Chronicles of America 

The French and Indian War, 1754-1763

The fight for North America was now rapidly approaching its final phase in the struggle which we know as the Seven Years' War. During forty years, commissioners of the two nations had been trying to reach some agreement as to boundaries. Each side, however, made impossible demands. France claimed all the lands drained by the St. Lawrence and the Great Lakes and by the Mississippi and its tributaries a claim which, if made good, would have carried her into the very heart of the colony of New York and would have given her also the mastery of the Ohio and the regions beyond. Britain claimed all the lands ever occupied by the Iroquois Indians, who had been recognized as British subjects by the Treaty of Utrecht. As those Indians had overrun regions north of the St. Lawrence, the British thus would become masters of a good part of Canada. Neither side was prepared for reasonable compromise. The sword was to be the final arbiter.

Events moved rapidly towards war. In 1753 Duquesne, the new Governor of Canada, sent more than a thousand men to build Fort Le Boeuf, on upper waters flowing to the Ohio and within easy reach of support by way of Lake Erie. In the nest year the French were swarming in the Ohio Valley, stirring up the Indians against the English and confident of success. They jeered at the divisions among the English and believed their own unity so strong that they could master the colonies one by one. The two colonies most affected were Pennsylvania and Virginia, either of them quite ready to see its own citizens advance into the Ohio country and possess the land, but neither of them willing to unite with the other in effective military action to protect the frontier.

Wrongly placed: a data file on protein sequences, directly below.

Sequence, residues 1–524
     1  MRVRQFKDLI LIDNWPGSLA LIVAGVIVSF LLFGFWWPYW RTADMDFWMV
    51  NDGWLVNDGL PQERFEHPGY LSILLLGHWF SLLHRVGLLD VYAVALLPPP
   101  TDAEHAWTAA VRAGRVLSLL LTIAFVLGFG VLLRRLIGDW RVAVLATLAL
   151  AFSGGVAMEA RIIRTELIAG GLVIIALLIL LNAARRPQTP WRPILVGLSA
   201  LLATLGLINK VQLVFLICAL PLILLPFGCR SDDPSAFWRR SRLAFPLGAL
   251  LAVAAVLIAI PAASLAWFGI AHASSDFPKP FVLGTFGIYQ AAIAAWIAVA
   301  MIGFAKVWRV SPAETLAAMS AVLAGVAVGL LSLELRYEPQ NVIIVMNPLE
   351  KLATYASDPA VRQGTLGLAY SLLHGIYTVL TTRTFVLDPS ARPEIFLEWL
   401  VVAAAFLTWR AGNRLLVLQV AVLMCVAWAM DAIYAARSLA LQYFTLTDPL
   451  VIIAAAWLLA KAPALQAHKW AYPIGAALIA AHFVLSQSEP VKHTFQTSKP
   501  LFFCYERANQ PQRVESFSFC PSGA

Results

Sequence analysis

It is at this crisis that there appears for the first time in history George Washington of Virginia. In December, 1753, in the dead of winter, he made a long, toilsome journey from Virginia to the north through snow and rain, by difficult forest trails, over two ranges of mountains, across streams sometimes frozen, sometimes dangerous from treacherous thaws. On the way he heard gossip from the Indians about the designs of the French. They boasted that they would come in numbers like the sands of the seashore; that the natives would be no more an obstacle to them than the flies and mosquitoes, which indeed they resembled; and that not the breadth of a finger-nail of land belonged to the Indians. Washington was told by one of the French that "it was their absolute design to take possession of the Ohio and, by--, they would do it!" It was no matter that the French were outnumbered two to one by the English, for the English were dilatory and ineffective.

In the end, Washington arrived at Fort Le Boeuf and presented a letter from Dinwiddie, the Lieutenant-Governor of Virginia, pointing out that the British could not permit an armed force from Canada to invade their territory of the Ohio and requiring that the French should leave the country at once. Legardeur de Saint-Pierre, to whom this firm demand was delivered, "an elderly gentleman," says Washington, with "much the air of a soldier" gave, of course, a polite answer in the manner of his nation, but he intended, he said, to remain where he was as long as he had instructions so to do. Washington kept his eyes open and made careful observations of the plan of the fort, the number of men, and also of the canoes, of which he noted that there were more than two hundred ready and many others building. The French tried to entice away his Indians and he says, "I cannot say that ever in my life I suffered so much anxiety." On the journey back he nearly perished when he fell into an ice-cold stream and was obliged to spend the night on a tiny island in frozen clothing. He brought comfort as cold to the waiting Dinwiddie.